JLA Satellite: [Big laugh]
FM: I was being a wise-ass. But guess what? Nobody caught it. We got a call from the publisher--"What the hell are you guys doing?!?" They didn't even look at it, it just went right to the engravers. But it did get caught--the engravers must have caught it.
JLA Satellite: Oh, I wish they had printed that! If you had told me they had printed that, I would've been like "I gotta go find that book!"
FM: Dick Giordano has the original art, it's been whited out, but I bet if you hold it up to the light, you could probably see it.
JLA Satellite: Getting back to the JLA, one thing I wanted to ask you about, I have seen very little Dick Dillin pencil work, if any...
FM: Yeah, I don't think there's any.
JLA Satellite: How complete was his stuff to ink?
FM: Very, very complete. Occasionally you'd have to leave something out where he overworked it, but that was rare. I would change little things that I thought needed it--very, very little. He did all the heavy lifting.
And I liked it doing it, and he liked what I was doing, which meant more to me than anything else. Julie Schwartz was not an editor for an artist as much as he was for a writer; he would look at stuff and say "that looks great, see you next week" or something like that. He would act gruff but he was a softie. Good editor.
We worked exclusively for him for a long time.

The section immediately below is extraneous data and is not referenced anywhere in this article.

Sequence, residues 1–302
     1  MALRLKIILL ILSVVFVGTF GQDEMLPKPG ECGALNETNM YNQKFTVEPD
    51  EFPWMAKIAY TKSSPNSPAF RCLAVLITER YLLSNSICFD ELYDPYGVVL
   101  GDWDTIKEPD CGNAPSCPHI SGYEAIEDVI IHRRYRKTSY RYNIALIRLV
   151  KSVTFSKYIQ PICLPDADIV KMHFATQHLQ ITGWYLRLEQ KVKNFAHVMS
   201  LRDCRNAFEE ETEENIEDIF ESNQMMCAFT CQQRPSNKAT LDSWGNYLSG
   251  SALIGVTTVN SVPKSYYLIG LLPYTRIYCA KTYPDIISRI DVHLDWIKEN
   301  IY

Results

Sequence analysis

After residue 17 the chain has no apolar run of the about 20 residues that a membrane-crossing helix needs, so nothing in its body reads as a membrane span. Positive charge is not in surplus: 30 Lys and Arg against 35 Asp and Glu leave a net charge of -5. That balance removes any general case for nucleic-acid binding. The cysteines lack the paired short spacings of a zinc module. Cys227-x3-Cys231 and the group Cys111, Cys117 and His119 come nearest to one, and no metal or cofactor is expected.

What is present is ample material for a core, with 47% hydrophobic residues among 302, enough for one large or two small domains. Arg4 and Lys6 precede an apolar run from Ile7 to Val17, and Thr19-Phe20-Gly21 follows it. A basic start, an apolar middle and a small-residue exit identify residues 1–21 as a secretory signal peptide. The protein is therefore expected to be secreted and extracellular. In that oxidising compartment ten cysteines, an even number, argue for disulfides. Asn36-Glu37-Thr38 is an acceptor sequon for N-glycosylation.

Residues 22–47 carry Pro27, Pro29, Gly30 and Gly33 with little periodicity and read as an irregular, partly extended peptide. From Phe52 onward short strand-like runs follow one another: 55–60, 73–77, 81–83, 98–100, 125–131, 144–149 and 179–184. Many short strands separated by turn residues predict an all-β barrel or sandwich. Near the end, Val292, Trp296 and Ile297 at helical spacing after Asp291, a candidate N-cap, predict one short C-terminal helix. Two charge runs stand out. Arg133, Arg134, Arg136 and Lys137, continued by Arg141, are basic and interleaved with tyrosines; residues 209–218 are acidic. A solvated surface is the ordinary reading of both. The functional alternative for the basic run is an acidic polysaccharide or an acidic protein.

JLA Satellite: How did you end up inking the JLA book?
FM: Dick Giordano and I worked at Charlton, and then Dick decided to take a shot at being an editor at DC.
So I inherited the studio [in Connecticut], and we were working on DC books, and Charlton books, so we were up to our, you know, in work.
JLA Satellite: [laughs]
FM: One of the books Dick was working on was a JLA, and he decided to give it up. We had worked on it together, though he was doing the lion's share of the work.
And when he gave it up, he told me Julie would like me to continue on it, and I said ok, and I went in to see him, and I signed a contract.
JLA Satellite: Did you prefer penciling or inking, since you could do both?
I was under contract to ink so many pages a week, and it was a good deal. It's not that I can't pencil, its just that there's so much work inking--I was doing that [JLA], I was doing The Flash, a lot of things.
I would get called up by an editor who would say "I got a pencil job that wasn't what I expected it to be, can you...?" I was a doctor, know what I'm saying?
I was erase it, redraw it, and then ink it, and then the penciler wouldn't get any more work.
JLA Satellite: Why did you leave relatively soon after Dick Dillin passed away, and the book was given to George Perez?
FM: I did one or two issues, and then I said to Julie "you know, I think I'd like to move on." I was so used to what Dillin and I were doing together. I moved on a did a lot more other stuff.
It was a good change of speed at the time, inking groups was fast becoming not a favorite--there's too many people in there!
JLA Satellite: What are you working on now?
FM: I'm involved with Comic Mix; it's website with free comics, done by professionals. They've got five or six titles up there now, mostly reprints--stuff done by Mike Grell, Tim Truman.
But the stuff that's being produced as new stuff, which is what I'm working on now with [Dick] Giordano is called White Viper; and that should be starting up now.
JLA Satellite: Are you penciling it and he's inking it?
FM: The other way around; I'm writing it--actually I'm plotting and writing it with my daughter Erin, and Dick's penciling it. Boy, he's doing a bang-up job, too.
Talking to Frank was like sitting back and having a beer with a really cool uncle; albeit one that just happened to work on The World's Greatest Superheroes for almost a decade straight.
I thank him so much for all his great work, and for taking the time to talk to me for the blog. Thanks Frank!